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I just greased my wheels with the EZ Bearings. They are NOT the same as Bearing Buddies, though they both have a zerk fitting. Watch this video. It shows how grease goes first to the rear bearing, then to the front, and that the idea is to flush out the old. I pumped about 1/2 tube into each wheel, until the old black grease came through and started running purple (new grease) Lift wheel, so you can spin while greasing.
https://www.bing.com/videos/search?q...CBDD26EEC802DC
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Old 10-20-2015, 09:56 AM   #16
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Great video Marty. My trailer came with EZ Lube system so I'm good to go. I guess turning the wheel while you pump in the grease provides the pumping action to move the grease to the front. it doesn't seem like the rear seal would be an issue looking at the video.
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Old 10-20-2015, 04:58 PM   #17
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Great video Marty. My trailer came with EZ Lube system so I'm good to go. I guess turning the wheel while you pump in the grease provides the pumping action to move the grease to the front. it doesn't seem like the rear seal would be an issue looking at the video.
Martin's video is for the Dexter easy lube. I would think you have the Lippert easy lube. Check it out the Lippert is a different design more like boat trailers. You have to be careful that the seal does not fail. You will load grease into the brakes.
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Old 10-20-2015, 07:30 PM   #18
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There are certainly a lot of opinions about these bearing lube systems! I must admit that I added to the confusion by using a Dexter EZ lube video, when I should have referred to a Lippert Super Lube system. As you view them, they are similar, in that grease goes through the spindle, to the rear bearing first, then fills the cavity, then pushes through the front bearing, and then out. Here is Lippert guidance using their bearings in another trailer: http://www.dutchmen.com/media/5976/l..._procedure.pdf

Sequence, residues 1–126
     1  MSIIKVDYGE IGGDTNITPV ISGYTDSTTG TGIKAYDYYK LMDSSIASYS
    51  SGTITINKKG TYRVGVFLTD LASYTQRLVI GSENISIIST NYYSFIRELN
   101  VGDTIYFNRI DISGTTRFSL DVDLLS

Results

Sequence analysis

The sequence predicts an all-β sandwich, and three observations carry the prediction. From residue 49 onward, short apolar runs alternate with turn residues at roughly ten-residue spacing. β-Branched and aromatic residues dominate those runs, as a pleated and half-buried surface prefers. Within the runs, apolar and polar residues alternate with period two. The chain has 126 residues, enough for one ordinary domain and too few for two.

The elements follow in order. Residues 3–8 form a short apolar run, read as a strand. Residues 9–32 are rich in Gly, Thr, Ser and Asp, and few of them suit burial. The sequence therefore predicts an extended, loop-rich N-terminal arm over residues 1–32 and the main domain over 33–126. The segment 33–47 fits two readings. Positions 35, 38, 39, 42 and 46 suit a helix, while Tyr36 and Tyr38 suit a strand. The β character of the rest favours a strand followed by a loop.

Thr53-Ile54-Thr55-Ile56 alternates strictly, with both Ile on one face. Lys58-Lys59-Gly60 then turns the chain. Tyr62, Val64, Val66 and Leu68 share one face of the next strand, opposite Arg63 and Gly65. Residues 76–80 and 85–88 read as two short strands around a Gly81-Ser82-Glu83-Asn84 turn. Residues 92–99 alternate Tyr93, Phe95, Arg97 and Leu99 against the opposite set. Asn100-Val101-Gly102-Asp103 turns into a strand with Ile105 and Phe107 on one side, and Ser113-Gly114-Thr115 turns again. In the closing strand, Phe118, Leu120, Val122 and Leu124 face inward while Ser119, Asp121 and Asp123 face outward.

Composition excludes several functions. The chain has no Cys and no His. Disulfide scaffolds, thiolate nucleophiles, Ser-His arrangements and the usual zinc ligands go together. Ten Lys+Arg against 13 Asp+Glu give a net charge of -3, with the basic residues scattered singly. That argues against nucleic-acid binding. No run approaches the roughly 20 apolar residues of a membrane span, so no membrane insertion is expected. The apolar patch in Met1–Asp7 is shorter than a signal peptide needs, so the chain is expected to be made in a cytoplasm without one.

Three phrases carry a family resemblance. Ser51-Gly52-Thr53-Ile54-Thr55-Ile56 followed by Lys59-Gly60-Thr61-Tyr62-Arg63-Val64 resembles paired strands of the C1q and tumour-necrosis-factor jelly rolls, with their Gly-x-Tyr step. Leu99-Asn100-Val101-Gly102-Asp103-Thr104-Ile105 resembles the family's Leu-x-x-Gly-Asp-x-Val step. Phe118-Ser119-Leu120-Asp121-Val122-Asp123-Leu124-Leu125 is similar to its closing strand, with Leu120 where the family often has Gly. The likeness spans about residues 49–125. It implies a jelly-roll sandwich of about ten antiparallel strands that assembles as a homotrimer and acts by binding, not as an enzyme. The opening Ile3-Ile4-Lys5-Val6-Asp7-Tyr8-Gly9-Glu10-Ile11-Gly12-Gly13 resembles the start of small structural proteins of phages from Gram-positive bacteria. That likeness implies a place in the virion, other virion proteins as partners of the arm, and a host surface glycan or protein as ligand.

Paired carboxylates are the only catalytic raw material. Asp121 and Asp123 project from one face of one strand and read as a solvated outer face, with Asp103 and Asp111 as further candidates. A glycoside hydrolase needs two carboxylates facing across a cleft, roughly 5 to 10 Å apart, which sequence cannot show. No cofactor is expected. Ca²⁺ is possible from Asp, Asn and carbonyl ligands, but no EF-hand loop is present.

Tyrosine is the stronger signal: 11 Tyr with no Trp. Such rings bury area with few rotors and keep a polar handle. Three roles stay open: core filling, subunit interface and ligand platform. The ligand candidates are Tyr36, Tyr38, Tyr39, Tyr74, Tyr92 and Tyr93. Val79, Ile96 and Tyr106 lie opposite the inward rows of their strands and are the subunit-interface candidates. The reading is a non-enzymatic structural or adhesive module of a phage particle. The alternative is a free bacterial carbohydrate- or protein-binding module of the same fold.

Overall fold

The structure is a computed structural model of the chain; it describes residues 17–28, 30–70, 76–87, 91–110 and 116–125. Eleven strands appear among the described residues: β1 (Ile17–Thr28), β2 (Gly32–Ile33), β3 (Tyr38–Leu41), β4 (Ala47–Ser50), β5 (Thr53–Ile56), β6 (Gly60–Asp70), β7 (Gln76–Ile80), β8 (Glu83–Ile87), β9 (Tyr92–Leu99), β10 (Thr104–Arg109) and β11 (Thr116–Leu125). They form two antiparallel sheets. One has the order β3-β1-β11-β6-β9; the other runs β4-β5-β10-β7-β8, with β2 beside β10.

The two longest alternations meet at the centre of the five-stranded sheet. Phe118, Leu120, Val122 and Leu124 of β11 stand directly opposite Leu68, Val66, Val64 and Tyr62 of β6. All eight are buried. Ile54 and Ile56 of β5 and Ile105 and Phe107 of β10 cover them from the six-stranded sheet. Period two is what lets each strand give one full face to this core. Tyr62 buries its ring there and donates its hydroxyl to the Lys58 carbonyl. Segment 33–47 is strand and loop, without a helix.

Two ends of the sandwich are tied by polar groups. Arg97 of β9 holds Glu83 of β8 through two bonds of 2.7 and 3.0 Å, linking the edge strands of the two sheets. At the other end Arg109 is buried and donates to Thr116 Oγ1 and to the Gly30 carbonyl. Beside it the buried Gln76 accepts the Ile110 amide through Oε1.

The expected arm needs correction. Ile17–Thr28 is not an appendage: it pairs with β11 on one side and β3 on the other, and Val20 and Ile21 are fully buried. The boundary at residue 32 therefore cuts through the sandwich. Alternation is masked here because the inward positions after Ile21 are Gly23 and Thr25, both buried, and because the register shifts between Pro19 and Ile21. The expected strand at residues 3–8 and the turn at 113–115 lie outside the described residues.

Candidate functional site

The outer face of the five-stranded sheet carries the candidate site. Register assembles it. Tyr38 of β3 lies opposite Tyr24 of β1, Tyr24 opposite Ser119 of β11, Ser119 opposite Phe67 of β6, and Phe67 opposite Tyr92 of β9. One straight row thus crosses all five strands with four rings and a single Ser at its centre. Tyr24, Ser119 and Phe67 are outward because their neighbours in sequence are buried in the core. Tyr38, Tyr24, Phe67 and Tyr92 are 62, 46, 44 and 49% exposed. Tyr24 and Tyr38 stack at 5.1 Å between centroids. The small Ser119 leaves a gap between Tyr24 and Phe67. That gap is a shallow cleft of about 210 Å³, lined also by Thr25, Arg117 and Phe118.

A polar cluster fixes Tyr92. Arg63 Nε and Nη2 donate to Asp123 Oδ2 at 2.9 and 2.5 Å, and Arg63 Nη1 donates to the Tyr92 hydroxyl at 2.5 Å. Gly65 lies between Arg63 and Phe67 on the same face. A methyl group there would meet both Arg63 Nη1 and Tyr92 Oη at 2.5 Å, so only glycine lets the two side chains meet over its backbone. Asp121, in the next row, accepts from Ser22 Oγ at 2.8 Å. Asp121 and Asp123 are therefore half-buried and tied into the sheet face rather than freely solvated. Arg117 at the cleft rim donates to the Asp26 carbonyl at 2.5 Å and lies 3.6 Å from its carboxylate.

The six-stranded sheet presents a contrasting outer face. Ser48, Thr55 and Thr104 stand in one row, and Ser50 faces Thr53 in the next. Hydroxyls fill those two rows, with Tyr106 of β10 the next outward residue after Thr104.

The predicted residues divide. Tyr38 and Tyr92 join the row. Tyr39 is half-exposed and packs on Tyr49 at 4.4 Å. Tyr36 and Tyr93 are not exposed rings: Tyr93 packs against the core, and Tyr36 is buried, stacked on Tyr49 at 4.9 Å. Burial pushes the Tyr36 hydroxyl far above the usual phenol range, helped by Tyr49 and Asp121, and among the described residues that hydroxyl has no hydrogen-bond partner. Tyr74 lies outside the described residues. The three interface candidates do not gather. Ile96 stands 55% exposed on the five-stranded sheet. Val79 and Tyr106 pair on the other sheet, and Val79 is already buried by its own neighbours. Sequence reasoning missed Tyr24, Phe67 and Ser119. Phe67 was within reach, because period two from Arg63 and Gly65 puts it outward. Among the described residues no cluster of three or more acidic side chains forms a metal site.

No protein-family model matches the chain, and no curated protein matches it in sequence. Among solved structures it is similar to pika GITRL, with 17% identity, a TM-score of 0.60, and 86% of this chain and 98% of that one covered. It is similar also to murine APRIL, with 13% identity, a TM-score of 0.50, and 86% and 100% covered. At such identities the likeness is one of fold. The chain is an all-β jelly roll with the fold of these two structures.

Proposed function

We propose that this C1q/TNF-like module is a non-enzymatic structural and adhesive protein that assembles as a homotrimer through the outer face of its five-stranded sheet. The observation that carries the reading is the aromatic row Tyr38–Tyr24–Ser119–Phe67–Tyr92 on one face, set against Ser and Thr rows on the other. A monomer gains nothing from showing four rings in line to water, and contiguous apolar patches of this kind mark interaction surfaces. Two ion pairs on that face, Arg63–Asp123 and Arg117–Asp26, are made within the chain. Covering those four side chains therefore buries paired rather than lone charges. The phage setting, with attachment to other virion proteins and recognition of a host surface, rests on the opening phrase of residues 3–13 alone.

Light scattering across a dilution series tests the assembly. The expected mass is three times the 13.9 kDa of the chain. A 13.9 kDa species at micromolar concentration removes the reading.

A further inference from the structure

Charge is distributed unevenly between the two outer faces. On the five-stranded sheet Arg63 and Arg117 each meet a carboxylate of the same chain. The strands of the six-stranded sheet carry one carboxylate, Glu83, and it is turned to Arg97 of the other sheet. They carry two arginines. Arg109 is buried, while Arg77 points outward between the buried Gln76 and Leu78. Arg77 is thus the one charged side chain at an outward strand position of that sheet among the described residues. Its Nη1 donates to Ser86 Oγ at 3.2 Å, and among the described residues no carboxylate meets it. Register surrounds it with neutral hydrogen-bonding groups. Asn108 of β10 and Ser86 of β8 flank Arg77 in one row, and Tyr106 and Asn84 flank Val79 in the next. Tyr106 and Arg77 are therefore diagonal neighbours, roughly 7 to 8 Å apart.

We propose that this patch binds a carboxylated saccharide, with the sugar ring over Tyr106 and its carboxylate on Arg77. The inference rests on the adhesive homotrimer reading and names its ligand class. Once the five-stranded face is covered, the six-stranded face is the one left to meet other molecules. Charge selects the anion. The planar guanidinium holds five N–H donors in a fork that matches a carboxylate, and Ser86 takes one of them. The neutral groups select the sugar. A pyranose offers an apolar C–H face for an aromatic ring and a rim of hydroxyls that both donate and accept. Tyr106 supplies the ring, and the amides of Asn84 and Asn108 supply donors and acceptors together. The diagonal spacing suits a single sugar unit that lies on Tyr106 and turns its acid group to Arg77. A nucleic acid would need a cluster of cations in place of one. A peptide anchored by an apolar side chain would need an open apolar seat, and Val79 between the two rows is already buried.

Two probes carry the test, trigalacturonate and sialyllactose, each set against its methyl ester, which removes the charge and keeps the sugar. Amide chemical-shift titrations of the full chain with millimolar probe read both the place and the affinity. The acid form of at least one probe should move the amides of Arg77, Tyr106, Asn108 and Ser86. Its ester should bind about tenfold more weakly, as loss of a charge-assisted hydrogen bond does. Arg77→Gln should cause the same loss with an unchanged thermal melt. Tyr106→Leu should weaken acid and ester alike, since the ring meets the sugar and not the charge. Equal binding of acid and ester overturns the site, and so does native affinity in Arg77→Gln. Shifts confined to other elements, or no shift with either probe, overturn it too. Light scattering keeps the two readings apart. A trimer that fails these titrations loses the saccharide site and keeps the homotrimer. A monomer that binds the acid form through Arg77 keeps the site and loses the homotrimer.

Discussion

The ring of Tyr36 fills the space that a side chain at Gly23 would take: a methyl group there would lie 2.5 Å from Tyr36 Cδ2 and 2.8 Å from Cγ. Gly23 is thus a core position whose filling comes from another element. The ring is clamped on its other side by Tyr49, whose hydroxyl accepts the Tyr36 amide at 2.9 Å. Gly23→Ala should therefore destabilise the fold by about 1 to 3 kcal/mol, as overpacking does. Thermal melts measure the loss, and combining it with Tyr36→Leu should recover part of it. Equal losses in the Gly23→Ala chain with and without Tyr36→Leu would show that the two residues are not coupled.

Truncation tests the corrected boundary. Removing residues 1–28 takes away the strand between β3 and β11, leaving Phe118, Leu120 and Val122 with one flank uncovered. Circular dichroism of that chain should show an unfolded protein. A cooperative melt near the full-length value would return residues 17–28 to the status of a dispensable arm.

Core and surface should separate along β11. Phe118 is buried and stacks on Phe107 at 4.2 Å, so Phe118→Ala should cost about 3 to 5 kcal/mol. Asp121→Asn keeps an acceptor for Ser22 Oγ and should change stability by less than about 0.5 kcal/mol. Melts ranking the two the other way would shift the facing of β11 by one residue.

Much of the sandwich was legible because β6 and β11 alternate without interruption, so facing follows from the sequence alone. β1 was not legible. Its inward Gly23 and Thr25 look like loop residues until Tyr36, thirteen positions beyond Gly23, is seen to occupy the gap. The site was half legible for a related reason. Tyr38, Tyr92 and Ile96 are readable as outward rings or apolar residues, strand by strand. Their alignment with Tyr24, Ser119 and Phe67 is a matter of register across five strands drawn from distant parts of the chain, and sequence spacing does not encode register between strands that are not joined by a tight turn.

Furthermore, here is a quote from our own Crossroads Owners Manual: Super Lube If the Recreational Vehicle is equipped with Super Lube, there is no need to lift the RV prior to greasing axles. To grease follow these simple steps: 1. Remove the rubber plug from the grease cap. 2. Insert grease gun on the grease zerk. 3. Pump until NEW grease begins to appear. 4. Replace rubber plug.
Hubs and components still need to be inspected and maintained per the manufacturer's guidelines. (end quote)
Note the Lippert sheet which says to replace the seals if the hubs are removed (as you would to check brakes!)
Also, a call to Crossroads gave me this advice: Use the zerks prior to every trip, but still pack the bearings each year. (Overkill?)

Here's my plan: I do about 4,000 miles/year on the TT. I'll Super Lube them once a year, and after about 16,000 miles, or four years, I'll probably be in the market for new tires. At that time we'll inspect brakes and pack the bearings. (Unless brake or tire issues come up in the meantime.)
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Old 10-20-2015, 07:30 PM   #19
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Actually Al, the Dexter and Lippert design are very similar. Check out the schematic

Dexter Lippert
Attached Images
File Type: jpg dexter-ez-lube-endunit-diagram.jpg (19.7 KB, 9 views)
File Type: jpg SUPERLUBHUBFLOW2.jpg (38.3 KB, 7 views)
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Old 10-20-2015, 08:59 PM   #20
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Actually Al, the Dexter and Lippert design are very similar. Check out the schematic

Dexter Lippert
Just offering a heads up. Many things in the r.v. world are universal but Dexter is a step above Lippert IMo.
I have them and don't use them. Mark thanks for the input, do you use them?